Sweet! What a way to handle the 'deluge of calls' expected! Instead of 'staffing up' to insure your customers are taken care of and their concerns answered, just turn your phone off! HAH! Glad I'm not a customer of this company!

    January 16, 2012 at 3:29 pm | Report abuse |
    • JJ

      Zappos is actually a great company ... you can expect them to staff up to handle a million phone calls.

      January 16, 2012 at 3:39 pm | Report abuse |
    • J R Brown

      Didn't you read the article...? If only a small percentage of their customers call, that's MILLIONS of phone calls. "Staffing up" would be a ridiculously stup!d idea. They're handling it the most efficient way possible for everyone.

      January 16, 2012 at 5:00 pm | Report abuse |
  2. TheScampiCat

    I just hope that in their cause to teach the towers of power a lesson, Anonymous tries to keep in mind all the 000's of people just like themselves (though lacking in A's computer hacking skills), that wind up as collateral damage. Unless, of course, their agenda includes the little people of the world as well.

    January 16, 2012 at 3:34 pm | Report abuse |
    • kbeez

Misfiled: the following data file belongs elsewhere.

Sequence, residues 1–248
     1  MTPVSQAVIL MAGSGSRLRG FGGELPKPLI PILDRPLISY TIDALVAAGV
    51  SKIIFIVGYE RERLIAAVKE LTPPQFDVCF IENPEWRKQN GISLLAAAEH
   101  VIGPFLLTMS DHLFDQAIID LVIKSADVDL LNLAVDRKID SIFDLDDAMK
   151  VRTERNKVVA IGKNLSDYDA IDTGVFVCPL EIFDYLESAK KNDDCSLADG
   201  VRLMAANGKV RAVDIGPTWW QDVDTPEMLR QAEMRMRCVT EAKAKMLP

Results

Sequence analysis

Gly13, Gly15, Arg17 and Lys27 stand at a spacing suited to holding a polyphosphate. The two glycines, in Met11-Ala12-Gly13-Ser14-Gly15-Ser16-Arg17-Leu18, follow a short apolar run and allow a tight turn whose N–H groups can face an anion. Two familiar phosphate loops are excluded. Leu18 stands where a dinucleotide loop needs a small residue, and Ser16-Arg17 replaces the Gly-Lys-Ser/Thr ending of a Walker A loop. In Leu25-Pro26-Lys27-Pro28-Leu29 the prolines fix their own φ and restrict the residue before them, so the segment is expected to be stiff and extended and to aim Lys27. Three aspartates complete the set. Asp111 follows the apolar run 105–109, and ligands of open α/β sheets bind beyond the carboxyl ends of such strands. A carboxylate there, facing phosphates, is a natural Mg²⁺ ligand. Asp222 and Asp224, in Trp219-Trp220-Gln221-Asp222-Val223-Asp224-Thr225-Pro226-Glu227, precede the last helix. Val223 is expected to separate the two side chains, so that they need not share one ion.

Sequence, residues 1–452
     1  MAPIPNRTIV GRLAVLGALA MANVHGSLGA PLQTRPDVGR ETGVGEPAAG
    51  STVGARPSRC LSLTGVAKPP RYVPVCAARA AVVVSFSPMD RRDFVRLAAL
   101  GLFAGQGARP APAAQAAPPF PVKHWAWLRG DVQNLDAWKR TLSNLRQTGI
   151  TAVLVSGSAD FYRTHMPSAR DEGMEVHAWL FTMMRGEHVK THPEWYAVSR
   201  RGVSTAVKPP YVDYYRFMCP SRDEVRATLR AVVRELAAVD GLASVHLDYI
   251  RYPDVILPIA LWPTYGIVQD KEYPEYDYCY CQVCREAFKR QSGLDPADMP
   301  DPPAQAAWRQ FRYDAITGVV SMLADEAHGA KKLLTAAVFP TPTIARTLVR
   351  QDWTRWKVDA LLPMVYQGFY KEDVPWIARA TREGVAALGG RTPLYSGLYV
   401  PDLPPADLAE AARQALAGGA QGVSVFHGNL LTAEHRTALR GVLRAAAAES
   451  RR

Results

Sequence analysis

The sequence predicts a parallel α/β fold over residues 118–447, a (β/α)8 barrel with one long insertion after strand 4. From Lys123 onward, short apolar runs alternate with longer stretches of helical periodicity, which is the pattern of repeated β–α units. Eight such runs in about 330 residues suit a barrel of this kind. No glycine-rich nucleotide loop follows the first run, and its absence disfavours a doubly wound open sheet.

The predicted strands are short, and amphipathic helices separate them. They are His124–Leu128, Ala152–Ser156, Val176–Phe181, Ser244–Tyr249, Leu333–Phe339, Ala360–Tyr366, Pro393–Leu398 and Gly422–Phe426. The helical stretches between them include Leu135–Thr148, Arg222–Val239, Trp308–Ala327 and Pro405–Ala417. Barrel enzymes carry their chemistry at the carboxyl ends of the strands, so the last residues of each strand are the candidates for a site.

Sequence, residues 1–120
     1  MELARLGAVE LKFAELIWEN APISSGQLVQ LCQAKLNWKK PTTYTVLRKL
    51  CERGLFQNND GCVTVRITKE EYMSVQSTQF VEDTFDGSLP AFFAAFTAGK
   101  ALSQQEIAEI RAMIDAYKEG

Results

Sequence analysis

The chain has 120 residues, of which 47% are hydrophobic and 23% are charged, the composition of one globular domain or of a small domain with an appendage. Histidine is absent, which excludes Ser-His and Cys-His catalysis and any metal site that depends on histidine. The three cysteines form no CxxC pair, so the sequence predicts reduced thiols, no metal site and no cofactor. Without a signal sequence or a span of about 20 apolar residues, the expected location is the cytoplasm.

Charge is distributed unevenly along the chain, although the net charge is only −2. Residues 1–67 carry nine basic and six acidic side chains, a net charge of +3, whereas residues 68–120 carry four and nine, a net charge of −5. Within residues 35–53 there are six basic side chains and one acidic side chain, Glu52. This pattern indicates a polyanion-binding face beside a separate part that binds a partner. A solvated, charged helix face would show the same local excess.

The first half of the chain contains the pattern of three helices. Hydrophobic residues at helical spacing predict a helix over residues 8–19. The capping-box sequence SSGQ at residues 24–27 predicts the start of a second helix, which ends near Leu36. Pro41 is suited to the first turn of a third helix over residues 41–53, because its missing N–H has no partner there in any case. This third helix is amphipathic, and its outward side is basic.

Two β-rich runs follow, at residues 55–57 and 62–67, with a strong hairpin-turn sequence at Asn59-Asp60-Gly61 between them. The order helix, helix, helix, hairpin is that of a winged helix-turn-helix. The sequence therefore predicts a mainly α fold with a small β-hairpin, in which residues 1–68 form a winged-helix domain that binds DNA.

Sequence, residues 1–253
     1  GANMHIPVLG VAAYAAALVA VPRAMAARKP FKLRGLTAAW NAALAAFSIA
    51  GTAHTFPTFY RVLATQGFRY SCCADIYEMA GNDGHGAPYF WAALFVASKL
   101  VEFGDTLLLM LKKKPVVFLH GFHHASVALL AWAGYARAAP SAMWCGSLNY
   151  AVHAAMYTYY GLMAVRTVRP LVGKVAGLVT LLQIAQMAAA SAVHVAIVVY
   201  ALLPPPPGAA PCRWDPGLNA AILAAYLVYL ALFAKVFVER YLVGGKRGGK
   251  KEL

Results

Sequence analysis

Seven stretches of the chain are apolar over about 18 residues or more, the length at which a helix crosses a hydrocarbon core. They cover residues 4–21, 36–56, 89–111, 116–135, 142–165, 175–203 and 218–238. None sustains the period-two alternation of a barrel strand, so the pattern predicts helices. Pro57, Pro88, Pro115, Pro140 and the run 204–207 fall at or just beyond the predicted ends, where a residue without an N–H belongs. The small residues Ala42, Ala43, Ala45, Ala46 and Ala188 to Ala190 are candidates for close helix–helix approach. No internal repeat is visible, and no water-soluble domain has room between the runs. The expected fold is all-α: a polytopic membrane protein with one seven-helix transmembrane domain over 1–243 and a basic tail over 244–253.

Who says anonymous is involved? Not all hackers are the same, they come from all walks of life. Some use their skills for criminal purposes, others for political agendas, etc. To pin something arbitrarily on the only hacker group "you" know is like saying every terrorist action is due to Al-Qaida because that is the only terrorist group you are aware of. That is both uninformed and may lead others to misdirect their frustration with a group that has hacked Mexican Cartels' network in a show of their defiance.

      January 16, 2012 at 3:52 pm | Report abuse |
    • Research In Mutton

      This is more likely disenfranchised Asian sweatshop workers tired of making cheap goods for overseas Zappos markets than Anon.

      January 16, 2012 at 6:07 pm | Report abuse |
  3. bubba

    That's why I NEVER store anything on a retailer's web site.... I always to 'quick-checkout' without registering on the site.

    January 16, 2012 at 3:49 pm | Report abuse |
    • TC